Magnesic soils: first principle soil management strategies for increased productivity

Zhu, Yingcan ORCID: https://orcid.org/0000-0003-4087-0169 (2019) Magnesic soils: first principle soil management strategies for increased productivity. [Thesis (PhD/Research)]

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Abstract

Irrigation waters containing considerable amounts of magnesium (Mg) are increasingly used in farming, due to the scarcity of good quality irrigation water. This increases the concern for Mg accumulating in soil systems. Together with naturally formed magnesic soils, irrigation induced Mg affected soils have been reported in many countries. In magnesic soils – for which there is limited information – the combination of poor soil structural properties, calcium deficiency and magnesium toxicity have been suggested as stress factors for plants. Unfortunately, there is a paucity of conclusive information detailing Mg effects on soil structure, with existing literature suggesting Mg has a specific effect. This thesis is focused on the effect of Mg, either Mg in irrigation water or soils, on the soil structural stability. This is one of the prerequisites in decision making for soil management that maintains and/or increases soil productivity.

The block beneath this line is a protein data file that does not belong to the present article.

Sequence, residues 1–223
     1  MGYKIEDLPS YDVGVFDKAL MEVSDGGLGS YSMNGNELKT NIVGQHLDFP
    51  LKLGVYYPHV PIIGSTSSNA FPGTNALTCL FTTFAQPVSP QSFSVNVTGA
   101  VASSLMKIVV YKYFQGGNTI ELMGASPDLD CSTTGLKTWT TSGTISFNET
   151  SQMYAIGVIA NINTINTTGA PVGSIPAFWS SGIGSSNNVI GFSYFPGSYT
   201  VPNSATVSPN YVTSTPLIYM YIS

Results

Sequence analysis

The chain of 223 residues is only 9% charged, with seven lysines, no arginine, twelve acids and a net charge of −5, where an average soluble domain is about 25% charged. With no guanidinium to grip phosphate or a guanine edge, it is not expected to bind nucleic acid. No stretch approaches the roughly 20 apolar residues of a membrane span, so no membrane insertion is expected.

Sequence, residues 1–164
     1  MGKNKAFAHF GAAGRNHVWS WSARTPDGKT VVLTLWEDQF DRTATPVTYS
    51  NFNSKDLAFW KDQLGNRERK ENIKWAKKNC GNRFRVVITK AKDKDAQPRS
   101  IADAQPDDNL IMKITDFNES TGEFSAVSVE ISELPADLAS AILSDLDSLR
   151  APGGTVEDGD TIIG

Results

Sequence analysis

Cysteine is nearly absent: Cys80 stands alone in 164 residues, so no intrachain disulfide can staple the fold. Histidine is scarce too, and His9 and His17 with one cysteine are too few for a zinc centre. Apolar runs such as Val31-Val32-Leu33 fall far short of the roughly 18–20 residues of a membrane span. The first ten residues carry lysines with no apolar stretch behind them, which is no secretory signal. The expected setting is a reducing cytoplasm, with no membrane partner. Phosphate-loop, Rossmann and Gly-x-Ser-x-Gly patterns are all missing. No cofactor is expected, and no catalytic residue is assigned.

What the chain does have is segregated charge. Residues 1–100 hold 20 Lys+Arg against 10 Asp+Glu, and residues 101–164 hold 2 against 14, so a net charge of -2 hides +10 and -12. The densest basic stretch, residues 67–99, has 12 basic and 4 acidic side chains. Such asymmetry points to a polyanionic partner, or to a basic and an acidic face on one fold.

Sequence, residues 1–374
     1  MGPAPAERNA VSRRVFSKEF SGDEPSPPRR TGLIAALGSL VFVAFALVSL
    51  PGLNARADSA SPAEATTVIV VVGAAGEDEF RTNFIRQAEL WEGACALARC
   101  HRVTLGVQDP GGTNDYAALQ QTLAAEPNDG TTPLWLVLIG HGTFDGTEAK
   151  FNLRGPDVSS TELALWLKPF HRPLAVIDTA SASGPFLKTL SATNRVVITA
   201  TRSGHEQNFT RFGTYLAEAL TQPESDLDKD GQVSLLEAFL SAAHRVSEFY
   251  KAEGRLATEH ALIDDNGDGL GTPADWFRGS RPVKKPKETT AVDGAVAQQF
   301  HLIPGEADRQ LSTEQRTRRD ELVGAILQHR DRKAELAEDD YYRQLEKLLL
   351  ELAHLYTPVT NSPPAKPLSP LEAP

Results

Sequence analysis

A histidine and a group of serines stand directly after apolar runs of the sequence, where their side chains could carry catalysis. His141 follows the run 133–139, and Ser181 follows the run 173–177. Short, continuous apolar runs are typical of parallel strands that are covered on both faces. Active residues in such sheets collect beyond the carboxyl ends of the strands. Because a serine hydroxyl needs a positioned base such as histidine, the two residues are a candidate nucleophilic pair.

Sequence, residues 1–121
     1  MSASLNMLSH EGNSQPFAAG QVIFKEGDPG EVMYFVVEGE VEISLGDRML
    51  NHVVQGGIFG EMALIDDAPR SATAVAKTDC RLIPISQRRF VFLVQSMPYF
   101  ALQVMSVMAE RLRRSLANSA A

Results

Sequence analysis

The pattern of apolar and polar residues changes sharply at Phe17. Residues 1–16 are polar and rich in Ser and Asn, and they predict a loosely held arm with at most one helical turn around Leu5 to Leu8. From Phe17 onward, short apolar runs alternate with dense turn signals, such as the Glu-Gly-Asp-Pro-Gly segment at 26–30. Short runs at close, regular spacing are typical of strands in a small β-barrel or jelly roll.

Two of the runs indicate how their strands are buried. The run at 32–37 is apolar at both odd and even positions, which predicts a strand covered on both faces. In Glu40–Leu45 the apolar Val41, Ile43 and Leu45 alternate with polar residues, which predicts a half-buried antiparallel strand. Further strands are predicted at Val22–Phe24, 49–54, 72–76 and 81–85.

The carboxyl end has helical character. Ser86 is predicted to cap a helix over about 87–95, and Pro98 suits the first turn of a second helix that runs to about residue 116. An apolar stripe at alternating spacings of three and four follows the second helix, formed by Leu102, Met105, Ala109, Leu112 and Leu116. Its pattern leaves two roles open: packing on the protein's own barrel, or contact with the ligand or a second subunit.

To investigate the effect of Mg on soil structural stability, fundamental studies based in the laboratory were conducted in both soil clay suspensions and aggregated systems. Other factors influencing structural stability were also considered, including soil pH, electrolyte concentration, clay mineralogy, organic matter, texture and mechanical stress. To quantify clay dispersion, a rapid and inexpensive method was developed via use of a turbidimeter. The measured turbidity (NTU) of dispersed clay in suspension, can be easily and quantitatively converted to the dispersed clay quantity (mg/L, % of soil). This method was used in all experimentations throughout the whole thesis for the investigation of the effect of Mg on soil structural stability.